Category Archives: ANONYMITY

Anonymity and Recovery Advocacy | Blog & New Postings | William L. White

The recent surge in social media discussions about anonymity and recovery advocacy (see here and here for examples) have triggered increased email inquiries about my thoughts as a recovery historian on these discussions.  Some have pointedly asked which side I am on, as if an anonymity war had been launched forcing one to choose one camp or the other.  If there is such an emerging split, I find myself challenging all who frame this issue as a war.  I challenge recovery advocates who feel anonymity is a musty, outdated concept that has lost all value in the 21st century, and I challenge those in 12-Step fellowships who suggest that public disclosure of one’s recovery status is a breach of 12-Step Traditions.  Here are selected excerpts from what I have written on this topic over the past 15 years.    A.A.’s predecessors had been wounded by leaders and members who either used visibility as a springboard for financial profit or whose public downfall brought discredit to the organization. A.A. avoided both of these pitfalls by declaring that no one with a name (at least a full name) could speak for A.A. Anonymity, while practiced as a spiritual exercise, also protected A.A. as an organization and brought many individuals into recovery who saw in anonymity a shroud of protection from the injury that can result from one’s being linked to a socially stigmatized condition. (2001)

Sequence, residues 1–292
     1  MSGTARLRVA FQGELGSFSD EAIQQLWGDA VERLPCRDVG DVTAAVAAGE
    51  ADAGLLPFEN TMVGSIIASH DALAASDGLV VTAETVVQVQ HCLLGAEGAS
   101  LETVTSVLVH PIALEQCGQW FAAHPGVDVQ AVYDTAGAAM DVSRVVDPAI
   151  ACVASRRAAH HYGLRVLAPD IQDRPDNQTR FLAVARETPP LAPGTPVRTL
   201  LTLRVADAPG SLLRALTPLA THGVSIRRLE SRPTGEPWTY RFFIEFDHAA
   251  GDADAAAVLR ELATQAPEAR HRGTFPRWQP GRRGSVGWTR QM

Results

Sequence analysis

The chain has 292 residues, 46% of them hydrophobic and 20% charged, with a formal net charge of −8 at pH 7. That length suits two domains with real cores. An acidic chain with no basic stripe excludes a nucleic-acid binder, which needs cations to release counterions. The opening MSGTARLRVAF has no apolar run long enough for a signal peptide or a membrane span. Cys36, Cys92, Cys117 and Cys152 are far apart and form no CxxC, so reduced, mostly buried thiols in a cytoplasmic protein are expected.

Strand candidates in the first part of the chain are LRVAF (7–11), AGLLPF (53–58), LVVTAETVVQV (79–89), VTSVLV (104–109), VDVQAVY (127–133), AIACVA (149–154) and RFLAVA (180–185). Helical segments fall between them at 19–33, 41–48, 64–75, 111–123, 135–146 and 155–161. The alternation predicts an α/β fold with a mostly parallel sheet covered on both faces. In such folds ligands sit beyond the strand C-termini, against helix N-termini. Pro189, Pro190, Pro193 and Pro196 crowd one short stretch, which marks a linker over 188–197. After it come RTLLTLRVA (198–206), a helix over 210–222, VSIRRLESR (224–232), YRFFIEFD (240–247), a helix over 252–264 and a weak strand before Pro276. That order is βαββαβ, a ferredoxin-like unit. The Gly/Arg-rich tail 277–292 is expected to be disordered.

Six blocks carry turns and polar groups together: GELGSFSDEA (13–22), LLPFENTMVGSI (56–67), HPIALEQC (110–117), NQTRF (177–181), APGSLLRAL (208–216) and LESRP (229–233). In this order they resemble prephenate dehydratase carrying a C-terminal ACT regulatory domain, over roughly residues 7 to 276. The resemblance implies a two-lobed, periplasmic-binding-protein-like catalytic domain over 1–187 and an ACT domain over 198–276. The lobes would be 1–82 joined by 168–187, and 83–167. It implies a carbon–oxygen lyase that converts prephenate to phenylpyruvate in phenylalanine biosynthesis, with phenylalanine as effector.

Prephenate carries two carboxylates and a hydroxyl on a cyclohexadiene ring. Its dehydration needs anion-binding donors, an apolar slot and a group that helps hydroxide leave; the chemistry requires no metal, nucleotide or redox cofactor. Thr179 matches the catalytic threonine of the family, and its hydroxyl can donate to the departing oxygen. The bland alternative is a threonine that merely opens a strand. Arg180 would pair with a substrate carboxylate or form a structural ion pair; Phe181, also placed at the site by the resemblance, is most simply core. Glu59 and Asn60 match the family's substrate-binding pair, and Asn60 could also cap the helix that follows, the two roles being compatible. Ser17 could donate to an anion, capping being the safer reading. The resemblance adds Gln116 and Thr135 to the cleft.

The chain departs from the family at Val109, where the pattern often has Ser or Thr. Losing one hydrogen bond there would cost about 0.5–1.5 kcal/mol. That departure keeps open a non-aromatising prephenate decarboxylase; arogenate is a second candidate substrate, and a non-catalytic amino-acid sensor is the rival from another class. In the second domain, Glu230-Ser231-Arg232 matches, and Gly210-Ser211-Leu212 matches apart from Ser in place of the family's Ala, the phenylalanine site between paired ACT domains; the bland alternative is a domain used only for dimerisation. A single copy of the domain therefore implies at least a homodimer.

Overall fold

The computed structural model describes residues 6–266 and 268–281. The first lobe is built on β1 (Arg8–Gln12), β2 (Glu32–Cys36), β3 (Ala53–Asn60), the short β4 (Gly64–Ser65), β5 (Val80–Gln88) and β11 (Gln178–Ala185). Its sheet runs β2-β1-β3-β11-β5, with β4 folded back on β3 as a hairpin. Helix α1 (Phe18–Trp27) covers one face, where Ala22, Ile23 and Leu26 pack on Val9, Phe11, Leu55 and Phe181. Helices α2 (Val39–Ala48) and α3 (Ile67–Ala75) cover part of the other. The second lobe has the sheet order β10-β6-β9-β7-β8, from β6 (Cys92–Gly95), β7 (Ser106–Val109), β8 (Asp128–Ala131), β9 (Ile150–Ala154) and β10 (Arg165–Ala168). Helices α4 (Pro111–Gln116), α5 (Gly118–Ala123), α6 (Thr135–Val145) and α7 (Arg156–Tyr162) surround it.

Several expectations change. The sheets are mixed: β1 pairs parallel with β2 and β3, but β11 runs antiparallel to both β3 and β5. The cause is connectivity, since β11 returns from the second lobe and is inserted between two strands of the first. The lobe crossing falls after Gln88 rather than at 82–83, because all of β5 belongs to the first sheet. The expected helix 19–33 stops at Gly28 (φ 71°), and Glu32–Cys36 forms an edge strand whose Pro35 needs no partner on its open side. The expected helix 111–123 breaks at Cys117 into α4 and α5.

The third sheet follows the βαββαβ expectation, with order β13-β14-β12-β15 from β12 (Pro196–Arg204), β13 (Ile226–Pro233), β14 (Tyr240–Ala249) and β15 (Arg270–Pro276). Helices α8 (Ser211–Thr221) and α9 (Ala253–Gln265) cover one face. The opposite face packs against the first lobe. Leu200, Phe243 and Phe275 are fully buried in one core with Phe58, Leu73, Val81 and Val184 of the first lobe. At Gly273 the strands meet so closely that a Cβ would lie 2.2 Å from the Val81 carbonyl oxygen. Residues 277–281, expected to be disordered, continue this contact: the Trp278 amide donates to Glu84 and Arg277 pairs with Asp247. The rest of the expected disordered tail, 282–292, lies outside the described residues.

Source: Anonymity and Recovery Advocacy | Blog & New Postings | William L. White